This is Wicklow’s highest mountain, measuring in at 925m (3,035ft) and the 11th highest in Ireland. Lugnaquilla, or “the Lug,” isn’t on or along the Wicklow Way, so to climb this mountain, you’ll have to plan a short excursion from the path. The climb to the summit weaves in and out of woodland, heathland and bogs, making it as beautiful as it is desolate. Home to many species of birds, as well as deer, fox and hares, Lugnaquilla is not a hike for the faint-hearted as it is exposed to the elements. But the sweeping, expansive views from the summit on a clear day will take your breath away.
There are also a number of holy wells (each recognised for curing different ailments), picturesque lakes, and archeological sites, not to mention plenty of hills and mountains to summit!
While Ireland seems to be full to the brim with the outdoors, it has very few waymarked trails, and even fewer well-maintained paths. Of those that exist, most of them are located in parks, where paths are usually only a few kilometres long.
To venture onto private land, you need the landowner’s permission. Many landowners are happy to open their lands to hikers but it’s not always easy to judge where one is allowed to hike, especially in absence of well-marked paths.
Things like holy wells, standing stones, neolithic era monuments, and even small churches and castles can be hard to find, and often get missed by visitors. Even when you do stumble across an ancient site, it is a lot more meaningful with a local guide there to interpret it.
All of that considered, while hiking self-guided is always a possibility, the best way to get the most out of your hiking trip along the Wicklow Way is with a guide. Not only do you not have to worry about finding your route or reserving accommodation, you’ll learn about Ireland’s intriguing history, ancient mythology, meet interesting local characters and find little-known spots off the main trail.
You also won’t have to worry about book accommodations, organising taxis (as most accommodations are not located right on the trail and wild camping isn’t allowed), or finding restaurants and packed lunches for the trail.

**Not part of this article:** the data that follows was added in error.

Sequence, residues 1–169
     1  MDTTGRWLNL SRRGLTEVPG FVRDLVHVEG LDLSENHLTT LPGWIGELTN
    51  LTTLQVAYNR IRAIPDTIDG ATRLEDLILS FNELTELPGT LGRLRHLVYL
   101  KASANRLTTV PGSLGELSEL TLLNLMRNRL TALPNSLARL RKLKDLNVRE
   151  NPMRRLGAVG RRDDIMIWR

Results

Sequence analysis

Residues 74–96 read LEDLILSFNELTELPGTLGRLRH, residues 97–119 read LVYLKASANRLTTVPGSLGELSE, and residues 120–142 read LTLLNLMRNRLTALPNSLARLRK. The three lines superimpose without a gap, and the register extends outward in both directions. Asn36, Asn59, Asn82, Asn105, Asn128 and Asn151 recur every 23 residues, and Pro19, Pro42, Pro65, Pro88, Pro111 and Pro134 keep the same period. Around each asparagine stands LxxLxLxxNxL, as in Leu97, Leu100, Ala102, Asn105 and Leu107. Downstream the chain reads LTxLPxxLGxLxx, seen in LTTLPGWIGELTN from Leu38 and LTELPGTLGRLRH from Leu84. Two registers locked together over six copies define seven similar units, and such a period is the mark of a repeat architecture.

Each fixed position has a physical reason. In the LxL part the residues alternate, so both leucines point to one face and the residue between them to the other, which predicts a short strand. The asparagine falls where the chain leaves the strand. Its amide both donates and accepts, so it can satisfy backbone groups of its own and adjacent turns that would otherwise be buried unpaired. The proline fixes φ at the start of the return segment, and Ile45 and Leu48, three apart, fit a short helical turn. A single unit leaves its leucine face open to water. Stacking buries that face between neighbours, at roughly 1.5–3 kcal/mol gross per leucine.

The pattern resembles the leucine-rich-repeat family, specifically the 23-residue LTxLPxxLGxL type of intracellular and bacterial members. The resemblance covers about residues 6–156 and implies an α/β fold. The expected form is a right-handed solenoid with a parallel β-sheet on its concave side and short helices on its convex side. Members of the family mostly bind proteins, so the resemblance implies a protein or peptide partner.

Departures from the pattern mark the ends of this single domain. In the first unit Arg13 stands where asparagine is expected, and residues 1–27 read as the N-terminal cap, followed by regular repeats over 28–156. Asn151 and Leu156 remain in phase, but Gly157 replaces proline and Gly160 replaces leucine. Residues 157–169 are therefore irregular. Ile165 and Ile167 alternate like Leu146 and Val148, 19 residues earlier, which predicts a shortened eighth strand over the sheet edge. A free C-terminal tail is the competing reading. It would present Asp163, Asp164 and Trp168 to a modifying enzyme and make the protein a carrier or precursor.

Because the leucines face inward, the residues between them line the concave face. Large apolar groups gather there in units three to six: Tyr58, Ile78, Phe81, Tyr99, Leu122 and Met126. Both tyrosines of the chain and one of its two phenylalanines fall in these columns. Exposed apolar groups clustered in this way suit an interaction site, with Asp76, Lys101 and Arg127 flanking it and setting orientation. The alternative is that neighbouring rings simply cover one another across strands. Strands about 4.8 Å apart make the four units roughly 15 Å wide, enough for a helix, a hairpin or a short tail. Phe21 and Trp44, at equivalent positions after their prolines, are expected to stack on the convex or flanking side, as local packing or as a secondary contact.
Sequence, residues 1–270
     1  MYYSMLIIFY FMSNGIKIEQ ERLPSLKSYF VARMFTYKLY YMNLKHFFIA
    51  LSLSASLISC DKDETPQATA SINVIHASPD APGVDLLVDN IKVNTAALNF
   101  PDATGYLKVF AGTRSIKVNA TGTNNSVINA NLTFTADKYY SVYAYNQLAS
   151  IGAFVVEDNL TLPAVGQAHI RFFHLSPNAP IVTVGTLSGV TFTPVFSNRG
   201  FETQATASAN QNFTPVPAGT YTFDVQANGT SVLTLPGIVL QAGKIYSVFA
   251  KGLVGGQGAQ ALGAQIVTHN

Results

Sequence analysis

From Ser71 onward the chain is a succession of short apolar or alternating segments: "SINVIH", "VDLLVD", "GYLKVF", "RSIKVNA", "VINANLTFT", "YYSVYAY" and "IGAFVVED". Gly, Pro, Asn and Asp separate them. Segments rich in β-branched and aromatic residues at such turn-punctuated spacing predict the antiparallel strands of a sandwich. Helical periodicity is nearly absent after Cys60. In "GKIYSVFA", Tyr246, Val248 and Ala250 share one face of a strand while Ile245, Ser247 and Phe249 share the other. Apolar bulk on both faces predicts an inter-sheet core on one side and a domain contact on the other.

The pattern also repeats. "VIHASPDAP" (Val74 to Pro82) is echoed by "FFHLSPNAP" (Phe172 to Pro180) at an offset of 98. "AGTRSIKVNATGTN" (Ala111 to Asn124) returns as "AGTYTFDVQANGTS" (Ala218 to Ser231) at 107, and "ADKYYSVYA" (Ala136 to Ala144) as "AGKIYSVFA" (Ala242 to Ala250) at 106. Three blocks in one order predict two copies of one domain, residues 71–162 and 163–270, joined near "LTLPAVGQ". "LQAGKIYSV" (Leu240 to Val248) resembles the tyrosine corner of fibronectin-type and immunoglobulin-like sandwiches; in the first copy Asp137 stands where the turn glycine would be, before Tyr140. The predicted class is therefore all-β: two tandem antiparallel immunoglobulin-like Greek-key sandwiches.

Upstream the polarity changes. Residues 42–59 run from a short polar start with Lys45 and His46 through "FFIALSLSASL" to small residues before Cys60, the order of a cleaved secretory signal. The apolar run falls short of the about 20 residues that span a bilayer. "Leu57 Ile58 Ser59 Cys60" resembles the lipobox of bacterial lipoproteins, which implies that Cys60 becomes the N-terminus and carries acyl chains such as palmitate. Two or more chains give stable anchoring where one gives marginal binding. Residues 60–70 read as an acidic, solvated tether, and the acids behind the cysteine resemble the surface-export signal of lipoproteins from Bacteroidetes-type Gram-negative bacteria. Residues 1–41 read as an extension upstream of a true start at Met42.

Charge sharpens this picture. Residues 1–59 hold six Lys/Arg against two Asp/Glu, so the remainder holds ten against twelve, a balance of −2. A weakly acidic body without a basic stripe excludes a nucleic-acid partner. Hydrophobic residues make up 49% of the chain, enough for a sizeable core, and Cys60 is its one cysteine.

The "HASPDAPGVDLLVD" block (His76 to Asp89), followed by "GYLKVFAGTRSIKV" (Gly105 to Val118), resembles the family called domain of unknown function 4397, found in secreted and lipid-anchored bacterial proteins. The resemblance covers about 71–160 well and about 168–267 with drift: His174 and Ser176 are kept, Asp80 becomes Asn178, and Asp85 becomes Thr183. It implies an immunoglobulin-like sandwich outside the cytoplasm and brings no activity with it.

In general, you’ll need a good pair of sturdy, waterproof boots. You’ll need waterproof jackets and trousers, as well as a series of non-cotton layers to put on or take off as needed, as Irish weather can be unpredictable. A daypack to carry extra layers, picnic lunch, snacks and water – bring a refillable water bottle.
Even if you are travelling mid-summer, a hat and gloves are always a good thing to stash in the daypack. Be sure to bring hiking socks as well (once again, stay away from cotton). For your own comfort, you might want to bring a blister kit and insect repellant as well.
While it is possible to do self-guided, by joining a trip hiking the Wicklow Way, you’ll explore the dramatic hills and mountains of Wicklow, a region at the heart of Ireland’s Ancient East, without the stress of planning, reserving or researching.
On Wilderness Ireland’s Wicklow Way hiking trip, you’ll adventure into the wilds of Wicklow, a range of peaks, valleys and lakes south of Dublin on Ireland’s East Coast. Graded a level Green 3, Hiking the Wicklow Way includes gentle hikes perfect for beginners, or for those who prefer to explore the wilderness at a relaxed pace. Follow wooded tracks through lush forests and across emerald pastures, before breaking through to the open hills blanketed with the soft purple and golden heathland for which the Wicklow Way is famed.
This is a small group trip (max 8 people) that includes a local guide, accommodation, transfers and some meals. If you prefer to do it as a private trip, you can book a private departure just for you and your group, providing you with a bit more flexibility to adjust walking pace or even length of walks.
|Some of the trip highlights include:|